A platform cooperative, or platform co-op, is a cooperatively-owned, democratically-governed business that uses a protocol, website or mobile app to facilitate the sale of goods and services. Platform cooperatives are an alternative to venture capital funded platforms insofar as they are owned and governed by those who depend on them most—workers, users, and other relevant stakeholders. Proponents of platform cooperativism claim that, by ensuring the financial and social value of a platform circulate among these participants, platform cooperatives will bring about a more equitable and fair digitally-mediated economy in contrast with the extractive models of corporate intermediaries. Platform cooperatives differ from traditional cooperatives not only due to their use of digital technologies, but also by their contribution to the commons for the purpose of fostering an equitable social and economic landscape.
Platform cooperativism draws upon other attempts at digital disintermediation, including the peer-to-peer production movement, led by Michel Bauwens and the P2P Foundation, which advocates for “new kinds of democratic and economic participation” that rest “upon the free participation of equal partners, engaged in the production of common resources,” as well as the radically-distributed, non-market mechanisms of networked peer-production promoted by Yochai Benkler. Marjorie Kelly’s book Owning Our Future contributed the distinction between democratic and extractive ownership design to this discussion.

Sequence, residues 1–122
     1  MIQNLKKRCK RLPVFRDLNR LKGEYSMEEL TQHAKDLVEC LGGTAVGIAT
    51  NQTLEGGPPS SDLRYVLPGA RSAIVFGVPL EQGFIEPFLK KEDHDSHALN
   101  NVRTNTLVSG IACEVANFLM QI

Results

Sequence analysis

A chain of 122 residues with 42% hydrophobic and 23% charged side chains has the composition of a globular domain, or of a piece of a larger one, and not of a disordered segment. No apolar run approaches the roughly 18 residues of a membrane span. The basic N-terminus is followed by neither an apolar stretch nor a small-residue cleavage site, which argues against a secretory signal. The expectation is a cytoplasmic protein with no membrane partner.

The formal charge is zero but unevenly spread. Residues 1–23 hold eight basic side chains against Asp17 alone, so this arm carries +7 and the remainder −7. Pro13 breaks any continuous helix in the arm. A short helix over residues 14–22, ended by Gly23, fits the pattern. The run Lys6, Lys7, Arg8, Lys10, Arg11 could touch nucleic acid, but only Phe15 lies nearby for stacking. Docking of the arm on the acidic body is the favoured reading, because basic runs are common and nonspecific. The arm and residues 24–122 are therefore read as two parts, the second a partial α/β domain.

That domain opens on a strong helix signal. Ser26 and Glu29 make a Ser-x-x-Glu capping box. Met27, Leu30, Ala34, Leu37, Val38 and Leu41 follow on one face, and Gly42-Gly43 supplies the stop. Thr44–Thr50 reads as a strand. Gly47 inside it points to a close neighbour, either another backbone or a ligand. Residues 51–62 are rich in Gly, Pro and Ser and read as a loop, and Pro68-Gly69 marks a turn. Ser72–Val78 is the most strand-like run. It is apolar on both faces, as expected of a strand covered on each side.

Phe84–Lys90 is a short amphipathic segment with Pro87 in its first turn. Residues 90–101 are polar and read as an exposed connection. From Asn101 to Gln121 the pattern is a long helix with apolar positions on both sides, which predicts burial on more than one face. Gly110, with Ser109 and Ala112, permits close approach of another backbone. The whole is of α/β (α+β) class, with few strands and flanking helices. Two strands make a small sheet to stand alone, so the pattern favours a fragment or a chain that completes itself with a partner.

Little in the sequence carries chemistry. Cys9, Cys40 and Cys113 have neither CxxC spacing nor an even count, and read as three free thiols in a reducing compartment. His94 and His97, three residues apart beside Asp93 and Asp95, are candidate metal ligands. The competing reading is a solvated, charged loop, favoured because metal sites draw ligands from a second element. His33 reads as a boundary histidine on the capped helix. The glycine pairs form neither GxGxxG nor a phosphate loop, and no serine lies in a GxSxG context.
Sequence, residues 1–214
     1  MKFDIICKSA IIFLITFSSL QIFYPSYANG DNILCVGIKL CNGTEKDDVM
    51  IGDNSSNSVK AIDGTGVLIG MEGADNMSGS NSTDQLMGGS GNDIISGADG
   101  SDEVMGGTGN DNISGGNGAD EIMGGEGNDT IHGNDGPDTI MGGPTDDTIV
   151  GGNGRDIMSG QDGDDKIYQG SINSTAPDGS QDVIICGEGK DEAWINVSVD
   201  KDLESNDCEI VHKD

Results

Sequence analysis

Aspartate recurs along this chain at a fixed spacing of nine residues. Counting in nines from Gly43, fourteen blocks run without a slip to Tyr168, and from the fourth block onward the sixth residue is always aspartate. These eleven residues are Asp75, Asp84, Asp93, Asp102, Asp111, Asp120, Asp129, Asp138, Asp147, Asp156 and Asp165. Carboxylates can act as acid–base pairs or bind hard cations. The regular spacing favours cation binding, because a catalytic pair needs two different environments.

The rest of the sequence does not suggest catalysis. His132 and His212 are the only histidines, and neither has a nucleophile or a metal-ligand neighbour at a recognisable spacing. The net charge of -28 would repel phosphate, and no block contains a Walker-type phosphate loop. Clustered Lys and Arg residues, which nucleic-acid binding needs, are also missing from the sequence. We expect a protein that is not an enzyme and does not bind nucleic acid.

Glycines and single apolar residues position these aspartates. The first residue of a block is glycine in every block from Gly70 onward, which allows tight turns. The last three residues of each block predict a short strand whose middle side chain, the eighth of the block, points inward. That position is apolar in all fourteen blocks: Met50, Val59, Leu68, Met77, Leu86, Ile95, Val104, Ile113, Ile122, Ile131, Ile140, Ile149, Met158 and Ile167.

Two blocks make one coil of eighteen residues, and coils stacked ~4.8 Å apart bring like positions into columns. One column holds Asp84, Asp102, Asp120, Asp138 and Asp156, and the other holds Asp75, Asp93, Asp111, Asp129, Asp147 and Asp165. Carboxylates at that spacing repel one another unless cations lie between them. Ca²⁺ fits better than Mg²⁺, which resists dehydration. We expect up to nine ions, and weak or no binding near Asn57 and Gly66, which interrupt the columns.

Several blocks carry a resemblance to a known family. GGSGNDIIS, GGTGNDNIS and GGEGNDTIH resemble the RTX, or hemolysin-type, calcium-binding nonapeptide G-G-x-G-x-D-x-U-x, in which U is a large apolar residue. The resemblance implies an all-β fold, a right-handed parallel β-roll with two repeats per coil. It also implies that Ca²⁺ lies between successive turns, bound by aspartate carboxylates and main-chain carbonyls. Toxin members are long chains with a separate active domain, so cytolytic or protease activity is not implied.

Just like traditional co-ops, platform co-ops are organisations that are owned and managed by their members. While traditional co-ops are normally based around a physical community of members, platform…
The Internet of Ownership is a resource for the emerging online democratic economy. Its purpose is to advance platform cooperativism—a vision for online platforms that share democratic ownership and governance among the people who rely on them, especially those who contribute their labor and personal data.
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The Internet is slipping out of ordinary users’ control. Internet technologies are transforming our workplaces, relationships, and societies. Companies like Uber, Amazon, and Facebook are capturing vital sectors of the economy such as transportation and phenomena like search and social networking. All of us who rely on the Internet have virtually no control over the platforms that affect and inform us on a daily basis.
Platform Cooperativism Consortium (PCC)
The PCC supports the cooperative platform economy through research, advocacy, education, co-design, legal advice, application development, the documentation of best practices, the coordination of funding, and events.
Co-operative Business Models for Sustainable Platform Enterprise
Is how we view establishing a new creative content maker’s platform.
It starts with the idea that you are able to tag your own creations on your own physical hardware or authorized “agent” that will operate on your behalf and retain on-going record of use of your content.